Here's how each ad would appear:

Desktop News Feed

Mobile News Feed

Desktop Right Column

Be aware if your ad isn't associated with a Facebook page, you'll only be able to run Desktop Right Column ads. To leverage all three display locations, you can learn how to create a Facebook Page here.

  Report on the performance.

Once your ads are running, you'll want to keep an eye on how they're doing. To see their results, you'll want to look in two places: the Facebook Ad Manager and your marketing software.

Facebook's Ad Manager

Facebook's Ad Manager is a sophisticated dashboard that provides users with an overview of all their campaigns.

Upfront, the dashboard highlights an estimate of how much you're spending each day. The dashboard is organized by columns, which makes it easy to filter through your ads so you can create a custom view of your results. Key numbers like reach, frequency, and cost are readily available, making reporting on performance a no brainer. 

According to Facebook, here are some of the key metrics to look for (and their definitions):

  • Performance. Can be customized further to include metrics like results, reach, frequency and impressions
  • Engagement. Can be customized further to include metrics like Page likes, Page engagement and post engagement
  • Videos. Can be customized further to include metrics like video views and avg. % of video viewed
  • Website. Can be customized further to include metrics like website actions (all), checkouts, payment details, purchases and adds to cart
  • Apps. Can be further customized to include metrics like app installs, app engagement, credit spends, mobile app actions and cost per app engagement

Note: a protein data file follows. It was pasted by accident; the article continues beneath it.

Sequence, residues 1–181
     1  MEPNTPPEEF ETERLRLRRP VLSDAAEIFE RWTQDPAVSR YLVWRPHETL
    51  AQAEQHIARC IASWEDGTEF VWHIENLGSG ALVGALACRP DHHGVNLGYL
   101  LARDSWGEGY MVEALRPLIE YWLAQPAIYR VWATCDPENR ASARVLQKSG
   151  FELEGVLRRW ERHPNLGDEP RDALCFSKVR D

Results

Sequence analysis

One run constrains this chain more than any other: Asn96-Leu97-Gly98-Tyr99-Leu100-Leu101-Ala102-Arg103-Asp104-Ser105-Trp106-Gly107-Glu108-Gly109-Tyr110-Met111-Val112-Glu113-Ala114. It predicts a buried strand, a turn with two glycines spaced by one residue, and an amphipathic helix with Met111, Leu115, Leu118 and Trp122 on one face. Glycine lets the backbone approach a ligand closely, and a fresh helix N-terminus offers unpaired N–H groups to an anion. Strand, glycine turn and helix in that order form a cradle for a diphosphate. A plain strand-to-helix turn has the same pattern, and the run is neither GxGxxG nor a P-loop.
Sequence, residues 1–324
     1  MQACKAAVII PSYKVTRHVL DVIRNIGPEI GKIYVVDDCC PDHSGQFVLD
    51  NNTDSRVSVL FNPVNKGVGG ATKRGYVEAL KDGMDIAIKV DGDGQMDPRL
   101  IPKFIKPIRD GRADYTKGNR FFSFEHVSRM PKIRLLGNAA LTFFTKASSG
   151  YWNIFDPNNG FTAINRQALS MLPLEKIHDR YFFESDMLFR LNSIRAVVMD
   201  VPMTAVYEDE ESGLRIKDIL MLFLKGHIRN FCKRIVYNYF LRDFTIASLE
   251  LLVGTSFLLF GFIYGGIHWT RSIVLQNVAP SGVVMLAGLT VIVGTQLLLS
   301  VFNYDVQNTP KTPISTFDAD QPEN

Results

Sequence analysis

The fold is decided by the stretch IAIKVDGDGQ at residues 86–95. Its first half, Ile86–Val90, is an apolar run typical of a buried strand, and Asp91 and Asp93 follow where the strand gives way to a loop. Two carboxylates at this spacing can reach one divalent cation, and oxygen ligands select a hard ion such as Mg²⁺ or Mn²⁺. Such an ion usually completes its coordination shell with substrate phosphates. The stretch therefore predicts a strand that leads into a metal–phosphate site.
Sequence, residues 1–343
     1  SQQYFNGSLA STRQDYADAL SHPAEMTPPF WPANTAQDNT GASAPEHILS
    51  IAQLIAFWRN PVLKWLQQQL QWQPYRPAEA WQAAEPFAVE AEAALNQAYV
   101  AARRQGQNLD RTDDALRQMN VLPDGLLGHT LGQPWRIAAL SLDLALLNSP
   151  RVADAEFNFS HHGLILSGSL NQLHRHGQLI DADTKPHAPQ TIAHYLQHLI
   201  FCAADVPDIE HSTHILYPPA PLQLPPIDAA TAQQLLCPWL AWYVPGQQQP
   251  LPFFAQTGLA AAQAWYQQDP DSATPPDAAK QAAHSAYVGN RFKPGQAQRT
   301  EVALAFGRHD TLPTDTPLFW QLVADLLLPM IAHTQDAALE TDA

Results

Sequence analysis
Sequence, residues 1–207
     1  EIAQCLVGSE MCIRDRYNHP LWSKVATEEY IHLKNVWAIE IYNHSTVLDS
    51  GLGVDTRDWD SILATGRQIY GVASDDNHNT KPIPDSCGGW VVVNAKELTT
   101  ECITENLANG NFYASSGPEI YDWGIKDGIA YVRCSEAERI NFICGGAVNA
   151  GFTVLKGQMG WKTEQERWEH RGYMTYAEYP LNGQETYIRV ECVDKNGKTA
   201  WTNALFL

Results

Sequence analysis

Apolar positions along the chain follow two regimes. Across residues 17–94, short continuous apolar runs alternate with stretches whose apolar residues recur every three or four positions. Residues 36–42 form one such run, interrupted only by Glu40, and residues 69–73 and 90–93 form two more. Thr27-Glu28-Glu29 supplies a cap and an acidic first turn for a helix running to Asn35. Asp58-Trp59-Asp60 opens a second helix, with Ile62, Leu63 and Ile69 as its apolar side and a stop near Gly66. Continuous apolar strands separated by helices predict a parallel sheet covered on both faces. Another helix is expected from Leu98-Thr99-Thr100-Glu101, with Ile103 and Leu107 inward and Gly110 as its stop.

• Events. Can be further customized to include metrics like event responses and cost per event response
  • Clicks. Can be further customized to include metrics like clicks, unique clicks, CTR (click-through rate) and CPC (cost per click)
  • Settings. Can be further customized to include metrics like start date, end date, ad set name, ad ID, delivery, bid and objective

Your Marketing Software

While there are certainly a lot of details to keep straight when planning a paid Facebook ad, it's important that you don't lose sight of the big picture. Reporting on clicks and conversions from Facebook is important, however, if you're using URLs with specific UTM codes, you have an opportunity to measure your ads' full-funnel effectiveness using your marketing software

Tracking URLs will help your marketing software keep track of how many leads, or better yet, how many customers you've gained from your advertising efforts. This information is useful in determining the ROI of this source, and can also be used to inform your targeting strategy.

If you're a HubSpot customer, you can create unique tracking codes for your Facebook campaign by navigating to the Tracking URL Builder on the Reports Home page. All you'll need to do is plug in the URL, attach a campaign, and choose the source you want the URL to be attributed to in your Sources Report. Once your ad launches and you start getting traffic and conversions on your website, you'll be able to easily track how many visits, contacts, and customers you're generating.

What do you look for before launching a paid ad? Let us know in the comments section below. 

learn more about INBOUND 2015

15 Useful Tips for Attending an Event Alone (And Actually Enjoying It)


When you first learn you're going to a conference alone, it's exciting. You were chosen out of all of your colleagues to attend. You get to travel to a new place and stay in a nice hotel. You get the chance to meet lots of other interesting people in your field. 

... But, you've got to do it alone.

That's when the anxiety sets in. You suddenly think about the cocktail parties, the welcome keynotes, the lunch breaks -- any time it's awkward to be alone -- and suddenly, that solo trip doesn't feel so exciting after all. 

The good news is there are lots of things you can do to make being a lone wolf much more enjoyable. Below are some of my team's favorite things to do when they're flying solo at a conference.

Still need to book your tickets to INBOUND15? Use 'SUMMERSIZ' at checkout to get 25% off an All-Access Pass.

1) Lean into your "weak ties."

Do you sit next to someone who used to live in the conference's city? Does your sister know someone from college who lives there? Does your company have some customers there?